Despite rift, China and US can work together
Published: Jan 08, 2019 05:53 PM

Illustration: Liu Rui/GT

Forty years ago on January 1, 1979, China and the US formally established diplomatic relations. Today with the narrowing gap of strength between the two countries, the bilateral relationship has come to a crossroads. 

Concerns about the current state and prospect of the China-US ties are pervasive among scholars of both sides. At a recent seminar in Beijing, Graham Allison, Douglas Dillon Professor of Government at Harvard University who coined the term "Thucydides Trap," described the bilateral relations as "very troubled." Yuan Peng, Vice President of the China Institutes of Contemporary International Relations, said if an all-out cold war or an economic cold war is unlikely between China and the US, a high-tech cold war has actually begun.

China-US relations are facing unprecedented challenges. The trade war and the arrest of Meng Wanzhou, chief financial officer of Chinese tech giant Huawei, have undermined the two foundations of the relationship, namely economic and trade relations that used to be the ballast of the bilateral relations and the people-to-people exchanges. The Trump administration has defined China as a strategic competitor in its national security strategy, leading to a wide belief that more strategic competition and conflicts would plague the China-US relations in 2019. Can differences still be controlled? What adjustments can be made and how can China prepare for conflicts? 

To begin with, it's a must for China and the US to strengthen crisis management. The Third Taiwan Straits Crisis, the bombing of the Chinese Embassy in Belgrade and the Sino-US aircraft collision incident - China-US relations have witnessed significant tensions and conflicts in the past 40 years and accumulated abundant experience in managing crises. The two should draw lessons from the past, ensure communication channels remain open and consciously prevent a crisis spiraling out of control to damage the overall bilateral relationship.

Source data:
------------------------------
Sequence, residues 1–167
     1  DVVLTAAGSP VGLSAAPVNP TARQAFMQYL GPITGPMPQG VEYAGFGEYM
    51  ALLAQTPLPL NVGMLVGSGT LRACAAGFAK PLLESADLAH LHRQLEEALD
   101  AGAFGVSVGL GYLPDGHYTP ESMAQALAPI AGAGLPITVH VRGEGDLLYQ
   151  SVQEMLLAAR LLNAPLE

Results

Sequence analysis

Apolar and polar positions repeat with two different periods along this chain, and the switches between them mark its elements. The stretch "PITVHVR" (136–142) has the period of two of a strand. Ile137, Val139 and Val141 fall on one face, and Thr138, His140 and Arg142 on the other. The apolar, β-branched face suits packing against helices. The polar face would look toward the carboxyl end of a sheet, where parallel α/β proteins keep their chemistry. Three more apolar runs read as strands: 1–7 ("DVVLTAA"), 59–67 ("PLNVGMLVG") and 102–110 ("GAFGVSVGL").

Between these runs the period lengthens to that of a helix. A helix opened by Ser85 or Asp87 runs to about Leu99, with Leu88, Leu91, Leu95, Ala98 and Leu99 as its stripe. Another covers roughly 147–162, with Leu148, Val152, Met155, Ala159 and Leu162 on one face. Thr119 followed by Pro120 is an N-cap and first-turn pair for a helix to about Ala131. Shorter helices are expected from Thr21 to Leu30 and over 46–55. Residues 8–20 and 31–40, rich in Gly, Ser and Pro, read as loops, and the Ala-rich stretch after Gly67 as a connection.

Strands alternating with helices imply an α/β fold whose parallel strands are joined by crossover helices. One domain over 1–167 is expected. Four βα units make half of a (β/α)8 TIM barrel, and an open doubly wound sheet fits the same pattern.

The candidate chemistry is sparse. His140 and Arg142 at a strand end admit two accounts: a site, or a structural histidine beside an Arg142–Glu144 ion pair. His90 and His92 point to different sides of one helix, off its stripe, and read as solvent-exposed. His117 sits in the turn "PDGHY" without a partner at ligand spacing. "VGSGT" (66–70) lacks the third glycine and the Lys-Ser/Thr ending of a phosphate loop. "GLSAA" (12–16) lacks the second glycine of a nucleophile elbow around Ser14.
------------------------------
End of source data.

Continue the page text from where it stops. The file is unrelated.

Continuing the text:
More importantly, more efforts are needed to enhance understanding between the two countries. Washington's China policy is driven by its misperception about China. Since the Nixon administration, the US' engagement policy toward China had been based on the assumption that through engagement the US can transform China's internal development and external behavior to the US' liking. However, the US underestimated China's capabilities of developing on its own pace while overestimated its ability to shape China. China, in the process of integrating into the international order, has firmly stuck to its own chosen path of socialism with Chinese characteristics and followed an independent foreign policy. 

Now the US, viewing China as a threat to the international order it established and dominates, has shifted its China policy from engagement to containment. It may again overestimate its ability to determine China's course, neglecting the fact that with heavy interdependence growing among countries, no one can contain another's development. 

Besides, China has limited ambitions which have not been properly understood by many US elites and analysts. The country has repeatedly stressed that it neither has the intention of seeking global leadership nor the will to overthrow the existing order. What China pursues is discourse power in line with its national strength and interests within the framework of the existing rules. To make China's intentions of peaceful rise better understood by the US side, China needs to work more actively to shape the US' understanding on it and it's also expected US elites could get rid of their realist thinking that a rising state will be necessarily engaged in the ruthless pursuit of power and influence. 

The past 40 years have witnessed ups and downs in China-US relations. But in general the bilateral relationship has been largely successful, without seeing either a cold war or a hot war. The year 2019 is critical for the two countries to make adjustments to keep the bilateral relations on a healthy track. The Chinese leadership has attached great importance to maintaining good relations with the US while it is committed to deepening reform and expanding opening up. A constructive China-US relationship is in line with the interests of both peoples and the whole world will benefit from China-US cooperation. It's expected the US could work together with China for the greater good. 

The author is a reporter with the Global Times.
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